… by Viktor Mikhin, … with New Eastern Outlook, Moscow
[ Editor’s note: Viktor Mikhin looks into the military and intelligence upgrades that Saudi Arabia is making, indicating that some countries in the ME may be preparing for a continuation of diplomatic discussions that are backed up militarily.
Saudi Arabia has made incremental changes in their leadership, and has tapped into America’s lineup of Intel experts to improve SIGINT. As Iraq breaks up into sectarian territories, it would be in the Saudis’ own best interests to be watching out for any new charismatic groups who might be developing in destabilized areas.
We can be fairly sure that Saudi Arabia isn’t the only country keeping tabs on elements of the new Islamic Caliphate, said to be surging in Iraq… Jim W. Dean ]
- First published August 4, 2014 -
Recent events in the Middle East, in which the situation has changed dramatically over the last 2-3 years, have invoked a strong reaction from those who considered themselves the masters there.
In particular this applies to Saudi Arabia, whose rulers, considering themselves masters of the whole Arab world, were suddenly faced with challenges from a number of states and organizations such as the “Islamic caliphate.”
Quite naturally, the Saudi king began to actively take various measures to strengthen the influence and authority of the state. First on the list were matters of succession, since the Saudi kingdom, which is a strong financial power, is experiencing great difficulties because of the existing domestic system of power inheritance, which provides for the transfer of power from brother to brother.
And this has resulted in an elderly group of potential heirs to the throne, as the founder of the kingdom, Abdul Aziz ibn Abd Rahman ibn Faisal Al Saud (Ibn Saud) died in 1953. Today King Abdullah bin Abdul Aziz Al Saud (90 years) is to be replaced by the aging Crown Prince Salman bin Abdul Aziz Al Saud (79 years), who also suffers from numerous health problems and, in fact, is not very eager to become king.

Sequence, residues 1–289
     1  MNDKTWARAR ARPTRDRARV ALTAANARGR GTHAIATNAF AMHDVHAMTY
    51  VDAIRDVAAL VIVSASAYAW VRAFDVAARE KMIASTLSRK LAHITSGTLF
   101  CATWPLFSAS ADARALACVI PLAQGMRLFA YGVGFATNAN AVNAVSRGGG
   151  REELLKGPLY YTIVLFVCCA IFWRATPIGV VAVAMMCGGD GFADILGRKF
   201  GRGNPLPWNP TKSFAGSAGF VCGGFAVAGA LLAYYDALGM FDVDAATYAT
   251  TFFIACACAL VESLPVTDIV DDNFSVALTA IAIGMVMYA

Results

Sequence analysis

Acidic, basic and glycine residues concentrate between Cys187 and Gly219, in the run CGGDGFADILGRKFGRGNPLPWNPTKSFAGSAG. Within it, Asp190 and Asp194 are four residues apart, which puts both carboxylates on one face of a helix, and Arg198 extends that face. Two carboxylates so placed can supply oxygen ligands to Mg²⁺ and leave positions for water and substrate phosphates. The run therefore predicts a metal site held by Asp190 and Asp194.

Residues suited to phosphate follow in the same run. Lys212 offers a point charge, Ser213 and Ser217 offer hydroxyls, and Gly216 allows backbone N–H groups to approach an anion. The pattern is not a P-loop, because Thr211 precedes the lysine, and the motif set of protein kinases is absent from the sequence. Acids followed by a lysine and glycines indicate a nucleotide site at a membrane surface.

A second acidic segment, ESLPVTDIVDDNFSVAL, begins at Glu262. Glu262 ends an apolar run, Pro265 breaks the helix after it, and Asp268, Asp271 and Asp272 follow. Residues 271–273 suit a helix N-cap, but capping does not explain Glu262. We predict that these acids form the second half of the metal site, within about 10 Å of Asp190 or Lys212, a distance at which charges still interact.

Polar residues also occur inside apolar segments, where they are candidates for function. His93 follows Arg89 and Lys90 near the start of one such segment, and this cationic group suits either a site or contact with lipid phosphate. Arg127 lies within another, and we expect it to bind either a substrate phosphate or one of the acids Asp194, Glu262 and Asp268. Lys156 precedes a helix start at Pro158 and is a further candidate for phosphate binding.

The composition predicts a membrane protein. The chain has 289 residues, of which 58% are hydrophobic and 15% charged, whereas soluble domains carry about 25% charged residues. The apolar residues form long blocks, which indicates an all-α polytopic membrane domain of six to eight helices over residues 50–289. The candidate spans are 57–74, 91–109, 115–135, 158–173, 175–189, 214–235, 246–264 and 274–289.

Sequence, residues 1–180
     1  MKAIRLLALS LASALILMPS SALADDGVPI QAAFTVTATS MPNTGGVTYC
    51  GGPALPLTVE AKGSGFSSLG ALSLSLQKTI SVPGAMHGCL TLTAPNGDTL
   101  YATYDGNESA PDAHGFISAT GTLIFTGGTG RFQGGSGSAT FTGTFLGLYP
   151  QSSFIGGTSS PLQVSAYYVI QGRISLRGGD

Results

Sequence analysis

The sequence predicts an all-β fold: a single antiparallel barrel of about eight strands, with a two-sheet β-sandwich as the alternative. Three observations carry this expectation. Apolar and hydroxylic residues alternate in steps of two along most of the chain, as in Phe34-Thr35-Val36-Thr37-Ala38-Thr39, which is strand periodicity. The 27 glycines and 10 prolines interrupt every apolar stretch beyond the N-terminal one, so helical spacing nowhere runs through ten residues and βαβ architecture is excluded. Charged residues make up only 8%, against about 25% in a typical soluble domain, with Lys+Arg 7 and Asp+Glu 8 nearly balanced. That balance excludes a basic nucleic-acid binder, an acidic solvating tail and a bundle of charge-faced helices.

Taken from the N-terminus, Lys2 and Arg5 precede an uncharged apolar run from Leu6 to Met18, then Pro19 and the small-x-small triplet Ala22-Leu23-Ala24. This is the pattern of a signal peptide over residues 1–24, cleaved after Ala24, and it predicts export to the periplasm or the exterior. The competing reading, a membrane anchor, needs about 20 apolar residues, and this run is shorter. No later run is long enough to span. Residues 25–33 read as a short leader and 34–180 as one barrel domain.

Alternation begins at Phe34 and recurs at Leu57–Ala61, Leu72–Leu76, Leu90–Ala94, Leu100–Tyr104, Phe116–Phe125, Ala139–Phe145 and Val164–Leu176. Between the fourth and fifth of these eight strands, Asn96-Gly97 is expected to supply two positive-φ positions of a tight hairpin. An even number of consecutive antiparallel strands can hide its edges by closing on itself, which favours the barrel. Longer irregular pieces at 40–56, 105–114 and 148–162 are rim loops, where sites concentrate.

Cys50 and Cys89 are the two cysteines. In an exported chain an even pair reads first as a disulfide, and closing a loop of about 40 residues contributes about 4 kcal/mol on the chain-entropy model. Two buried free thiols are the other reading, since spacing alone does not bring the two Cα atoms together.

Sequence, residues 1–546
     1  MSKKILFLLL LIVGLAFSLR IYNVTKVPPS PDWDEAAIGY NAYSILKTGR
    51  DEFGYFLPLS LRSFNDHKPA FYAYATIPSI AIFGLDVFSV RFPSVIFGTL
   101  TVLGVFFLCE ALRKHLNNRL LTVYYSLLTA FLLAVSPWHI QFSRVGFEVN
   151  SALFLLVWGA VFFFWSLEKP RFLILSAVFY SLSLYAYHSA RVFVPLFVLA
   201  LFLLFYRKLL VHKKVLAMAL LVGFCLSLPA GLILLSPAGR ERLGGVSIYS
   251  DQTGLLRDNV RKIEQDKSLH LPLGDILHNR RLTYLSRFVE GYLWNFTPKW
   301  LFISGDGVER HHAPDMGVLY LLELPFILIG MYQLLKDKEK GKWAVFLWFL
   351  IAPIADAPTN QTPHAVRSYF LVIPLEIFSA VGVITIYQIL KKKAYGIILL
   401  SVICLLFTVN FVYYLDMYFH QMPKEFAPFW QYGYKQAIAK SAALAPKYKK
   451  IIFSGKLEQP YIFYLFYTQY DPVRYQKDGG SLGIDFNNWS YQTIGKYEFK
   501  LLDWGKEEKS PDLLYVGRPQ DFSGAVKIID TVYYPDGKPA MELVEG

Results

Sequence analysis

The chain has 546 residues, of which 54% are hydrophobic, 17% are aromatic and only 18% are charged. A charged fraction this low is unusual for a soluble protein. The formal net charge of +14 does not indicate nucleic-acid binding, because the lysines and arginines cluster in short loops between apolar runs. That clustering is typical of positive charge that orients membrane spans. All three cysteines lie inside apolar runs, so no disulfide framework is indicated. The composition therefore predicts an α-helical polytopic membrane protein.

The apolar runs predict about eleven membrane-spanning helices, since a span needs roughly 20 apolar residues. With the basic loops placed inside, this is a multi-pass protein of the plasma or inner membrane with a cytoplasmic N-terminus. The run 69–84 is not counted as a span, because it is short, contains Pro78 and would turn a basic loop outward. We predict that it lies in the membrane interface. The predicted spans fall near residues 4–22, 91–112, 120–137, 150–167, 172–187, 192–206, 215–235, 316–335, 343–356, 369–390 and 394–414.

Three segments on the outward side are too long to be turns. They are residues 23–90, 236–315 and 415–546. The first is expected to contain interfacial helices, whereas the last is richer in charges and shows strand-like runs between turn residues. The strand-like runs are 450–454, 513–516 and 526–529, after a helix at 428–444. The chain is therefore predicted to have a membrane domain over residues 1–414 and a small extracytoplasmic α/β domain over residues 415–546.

In this context, the King appointed his brothers’ “pet”, Prince Mukrin, who is 69 years old, as the second heir, that is a kind of “Vice” Crown Prince. The appointment of Prince Mukrin as Deputy Crown Prince, as unanimously noted in the Arab press, indicates an intention not only to strengthen the stability of the regime, but also to keep power in the hands of the family of Saud.
He’s the last of the brothers, the sons of the king, who founded Saudi Arabia, and therefore the throne will no longer be passed from brother to brother, as Prince Mukrin is the last of them.
And it cannot be ruled out, as the British Arabic newspaper Al Quds Al Arabi writes, citing informed Saudi sources, that after becoming king he will appoint King Abdullah’s third son as Crown Prince, Prince Mutaib, who is also actively preparing to take on the highest roles on government.
The Saudi king, realizing that reconnaissance plays a significant role in the affairs of his country, also changed its leadership. The Saudi Press Agency (SPA) announced the royal decree appointing Prince Khaled bin Bandar bin Abdul Aziz head of the General Intelligence Department, with the rank of minister. Incidentally, Prince Khaled takes orders from Prince Bandar, who, according to the king’s decree, as reported by the SPA, will be “the king’s councilor and his special envoy.”